Access to digital technology: Collect sex-disaggregated data on mobile phone and computer ownership; Increase the number of women owning computers, mobile phones and tablets; Increase awareness and training for women entrepreneurs on the importance of digital technology.

Box 6: Partnership to facilitate access to technology for LDCs

UN Technology Bank signed a Memorandum of Understanding (MoU) with the Scientific and Technological Research Council of Turkey (TUBITAK) to support the international efforts to facilitate access to technology and to improve the science, technology, and innovation capacity development for the least developed countries (LDCs). University and Industry Collaborations Centre Platform (USIMP) will also be a signatory to the MoU.

The MoU provides a framework for the cooperation between the UN Technology Bank, TUBITAK and USIMP in supporting the development projects and activities to promote access to technologies, including the first initiative of developing and implementing applicable models for the establishment of technology transfer offices (TTO) in the selected LDCs.

The three organizations plan to cooperate on developing awareness and educational tools to promote global technology access and explore methods to utilize the experience and expertise related to the technology assessment, deployment, adaptation and implementation, and related capacity building activities.

Source: UN Technology Bank

Access to digital skills: Increase women’s enrolment and completion of secondary and tertiary education; Increase graduation rate of women attending STEM programmes; Identify basic, standard and advanced digital skills and update existing national education strategies accordingly; Develop programmes aiming at putting in place role models to deal with stereotypes and promoting the participation of women in studies in the ICT area; Promote the use of technology in schools; Make available scholarships for women and girls in studies in related to ICTs; Continue to organize regular workshops and meetings on the digital economy with the private sector.
Financial inclusion: Collect sex-disaggregated data; Facilitate access to a bank account, particularly for women; Facilitate access to credit cards, particularly for women; Work with the private sector for the provision of collateral for women; Train women on how to make digital payments and on its benefits. Put in place a financial inclusion strategy and a digital payments strategy (with a gender focus); Facilitate the reception of remittances using technology.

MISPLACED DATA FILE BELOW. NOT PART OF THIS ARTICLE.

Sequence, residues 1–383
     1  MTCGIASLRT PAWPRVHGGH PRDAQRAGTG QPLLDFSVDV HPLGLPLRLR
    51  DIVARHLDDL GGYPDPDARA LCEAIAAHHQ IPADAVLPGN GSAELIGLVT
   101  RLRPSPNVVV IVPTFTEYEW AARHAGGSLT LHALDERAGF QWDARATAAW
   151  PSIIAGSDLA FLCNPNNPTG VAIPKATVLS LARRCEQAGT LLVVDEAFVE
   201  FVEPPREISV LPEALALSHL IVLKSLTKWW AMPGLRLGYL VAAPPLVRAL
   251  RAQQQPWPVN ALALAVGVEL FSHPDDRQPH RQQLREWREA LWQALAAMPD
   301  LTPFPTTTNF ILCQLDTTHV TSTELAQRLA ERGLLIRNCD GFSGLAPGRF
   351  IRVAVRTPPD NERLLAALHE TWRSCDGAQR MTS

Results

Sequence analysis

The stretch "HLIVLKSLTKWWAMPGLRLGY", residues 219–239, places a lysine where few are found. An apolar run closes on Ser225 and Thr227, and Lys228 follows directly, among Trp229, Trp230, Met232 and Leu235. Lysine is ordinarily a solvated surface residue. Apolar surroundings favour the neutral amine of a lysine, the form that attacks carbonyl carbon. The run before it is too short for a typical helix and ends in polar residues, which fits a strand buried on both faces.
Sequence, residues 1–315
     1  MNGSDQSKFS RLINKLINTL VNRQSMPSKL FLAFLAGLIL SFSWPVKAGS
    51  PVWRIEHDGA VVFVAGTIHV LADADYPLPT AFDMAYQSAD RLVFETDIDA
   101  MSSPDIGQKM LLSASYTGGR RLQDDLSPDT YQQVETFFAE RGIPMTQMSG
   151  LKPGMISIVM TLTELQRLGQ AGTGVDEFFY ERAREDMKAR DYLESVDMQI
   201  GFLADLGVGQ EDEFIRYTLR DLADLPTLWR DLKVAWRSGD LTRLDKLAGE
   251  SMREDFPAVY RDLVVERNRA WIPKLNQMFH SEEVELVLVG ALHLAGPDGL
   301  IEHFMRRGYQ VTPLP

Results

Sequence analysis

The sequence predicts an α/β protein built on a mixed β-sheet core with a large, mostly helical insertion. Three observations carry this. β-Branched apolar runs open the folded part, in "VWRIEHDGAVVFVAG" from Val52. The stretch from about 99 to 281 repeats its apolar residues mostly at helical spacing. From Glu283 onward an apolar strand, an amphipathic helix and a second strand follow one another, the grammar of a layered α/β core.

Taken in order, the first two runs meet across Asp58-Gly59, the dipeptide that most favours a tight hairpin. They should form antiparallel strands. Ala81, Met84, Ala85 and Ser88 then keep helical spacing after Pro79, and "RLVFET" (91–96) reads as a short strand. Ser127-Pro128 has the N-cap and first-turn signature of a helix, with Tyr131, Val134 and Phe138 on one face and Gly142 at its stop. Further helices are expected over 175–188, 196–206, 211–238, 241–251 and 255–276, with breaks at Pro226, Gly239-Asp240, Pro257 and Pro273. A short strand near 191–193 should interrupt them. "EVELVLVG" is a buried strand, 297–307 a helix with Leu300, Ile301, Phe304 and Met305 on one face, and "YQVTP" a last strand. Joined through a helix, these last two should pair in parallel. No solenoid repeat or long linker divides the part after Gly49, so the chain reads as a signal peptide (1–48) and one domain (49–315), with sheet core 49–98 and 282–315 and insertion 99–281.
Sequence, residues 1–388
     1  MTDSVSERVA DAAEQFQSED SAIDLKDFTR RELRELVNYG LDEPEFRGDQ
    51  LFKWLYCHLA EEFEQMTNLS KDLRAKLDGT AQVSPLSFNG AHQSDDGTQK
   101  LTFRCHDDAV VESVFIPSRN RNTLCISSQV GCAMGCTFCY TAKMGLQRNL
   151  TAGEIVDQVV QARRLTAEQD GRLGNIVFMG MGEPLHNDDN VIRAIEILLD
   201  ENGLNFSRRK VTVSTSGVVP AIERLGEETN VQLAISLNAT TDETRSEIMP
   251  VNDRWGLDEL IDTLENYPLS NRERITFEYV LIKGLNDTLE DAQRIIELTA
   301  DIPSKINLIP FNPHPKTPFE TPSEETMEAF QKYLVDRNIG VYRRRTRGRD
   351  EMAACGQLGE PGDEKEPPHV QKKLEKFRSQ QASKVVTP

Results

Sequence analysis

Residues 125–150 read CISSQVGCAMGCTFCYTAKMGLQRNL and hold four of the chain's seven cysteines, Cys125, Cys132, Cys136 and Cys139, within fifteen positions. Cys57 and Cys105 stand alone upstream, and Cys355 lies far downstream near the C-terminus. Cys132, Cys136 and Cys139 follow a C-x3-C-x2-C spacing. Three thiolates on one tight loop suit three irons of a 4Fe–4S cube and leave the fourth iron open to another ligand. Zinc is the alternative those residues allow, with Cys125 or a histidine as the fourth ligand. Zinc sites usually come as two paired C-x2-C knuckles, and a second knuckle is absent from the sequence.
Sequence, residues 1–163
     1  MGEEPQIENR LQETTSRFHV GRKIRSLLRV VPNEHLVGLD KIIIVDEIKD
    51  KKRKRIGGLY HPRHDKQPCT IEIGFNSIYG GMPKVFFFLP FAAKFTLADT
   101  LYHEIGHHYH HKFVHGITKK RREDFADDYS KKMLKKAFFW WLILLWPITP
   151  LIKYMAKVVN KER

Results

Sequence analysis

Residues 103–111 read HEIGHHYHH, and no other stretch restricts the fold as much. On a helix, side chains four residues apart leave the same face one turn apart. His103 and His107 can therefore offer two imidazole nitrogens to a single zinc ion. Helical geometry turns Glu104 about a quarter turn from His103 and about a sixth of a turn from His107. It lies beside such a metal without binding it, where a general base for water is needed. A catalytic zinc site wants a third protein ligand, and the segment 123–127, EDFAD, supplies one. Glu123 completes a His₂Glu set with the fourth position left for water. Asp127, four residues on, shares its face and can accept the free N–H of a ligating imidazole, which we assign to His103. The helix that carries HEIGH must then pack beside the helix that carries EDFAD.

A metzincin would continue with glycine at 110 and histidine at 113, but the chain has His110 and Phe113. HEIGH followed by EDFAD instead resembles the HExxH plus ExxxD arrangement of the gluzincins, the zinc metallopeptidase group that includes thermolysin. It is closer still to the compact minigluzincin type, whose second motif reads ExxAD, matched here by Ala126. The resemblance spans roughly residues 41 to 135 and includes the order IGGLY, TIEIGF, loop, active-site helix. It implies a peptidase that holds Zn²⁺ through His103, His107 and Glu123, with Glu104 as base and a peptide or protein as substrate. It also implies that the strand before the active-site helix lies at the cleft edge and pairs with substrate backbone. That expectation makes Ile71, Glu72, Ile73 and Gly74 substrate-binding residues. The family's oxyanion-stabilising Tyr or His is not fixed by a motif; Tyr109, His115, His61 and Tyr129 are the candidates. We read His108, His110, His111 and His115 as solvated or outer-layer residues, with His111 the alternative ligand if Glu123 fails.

Entrepreneurship and leadership: Collect sex-disaggregated data (e.g. on the number of female and male sole proprietors; on the female share of employment in senior and middle management); Involve private sector in digital policy making; Advocate about the benefits of founding a company, especially to lift cultural barriers; Facilitate women’s engagement in entrepreneurial activities (areas such as mobility; workplace; marriage; and parenthood); Promote partnerships between women-owned companies; Facilitate women’s access to networks, including those related to technology (at all levels, local, national and international).
Access to digital infrastructure and services: Expand the electricity coverage, particularly in rural areas; Reduce the price of electricity to improve in affordability; Continue promoting the use of non-conventional installations such as solar panels, batteries, etc.
External support to women and girls in ICT: Conduct a stocktaking exercise of existing projects and programmes supporting women and girls. Identify synergies and avoid duplication of efforts.
Collection of gender-disaggregated data: Given its limited availability and coverage for developing and LDCs, collection of gender-disaggregated data is a transversal policy action to be performed across all policy areas. If data available is not disaggregated by gender, gaps and imbalances in terms of access and use are not visible, and corrective actions cannot be put in place. Examples of indicators used in the context of the joint EIF-ITU project are provided in Table 9.

Table 9: Government policy indicators (by gender)

Policy area Examples of indicators disaggregated by gender
Access to digital technology Individuals who own a mobile telephone
Individuals who own a smartphone Mobile cellular networks coverage
Householders who own a computer
Individuals who use the Internet
Access to digital skills Youth literacy rate of population between 15- and 24-year-olds
Literacy rate of population between 25- and 64-year-olds
Expected number of years of schooling
Enrolment and completion rates across the three levels of education
Graduates from science, technology, engineering and mathematics (STEM) programmes